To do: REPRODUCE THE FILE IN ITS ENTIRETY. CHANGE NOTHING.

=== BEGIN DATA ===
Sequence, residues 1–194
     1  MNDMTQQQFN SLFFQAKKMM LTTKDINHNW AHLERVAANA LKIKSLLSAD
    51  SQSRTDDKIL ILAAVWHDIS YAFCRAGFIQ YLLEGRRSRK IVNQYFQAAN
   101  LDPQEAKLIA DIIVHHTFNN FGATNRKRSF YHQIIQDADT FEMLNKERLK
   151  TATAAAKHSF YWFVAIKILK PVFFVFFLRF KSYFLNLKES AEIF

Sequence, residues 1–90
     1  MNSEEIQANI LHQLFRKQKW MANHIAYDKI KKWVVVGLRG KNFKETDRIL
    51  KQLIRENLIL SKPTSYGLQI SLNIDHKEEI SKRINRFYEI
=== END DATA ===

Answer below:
Sequence, residues 1–194
     1  MNDMTQQQFN SLFFQAKKMM LTTKDINHNW AHLERVAANA LKIKSLLSAD
    51  SQSRTDDKIL ILAAVWHDIS YAFCRAGFIQ YLLEGRRSRK IVNQYFQAAN
   101  LDPQEAKLIA DIIVHHTFNN FGATNRKRSF YHQIIQDADT FEMLNKERLK
   151  TATAAAKHSF YWFVAIKILK PVFFVFFLRF KSYFLNLKES AEIF

Sequence, residues 1–90
     1  MNSEEIQANI LHQLFRKQKW MANHIAYDKI KKWVVVGLRG KNFKETDRIL
    51  KQLIRENLIL SKPTSYGLQI SLNIDHKEEI SKRINRFYEI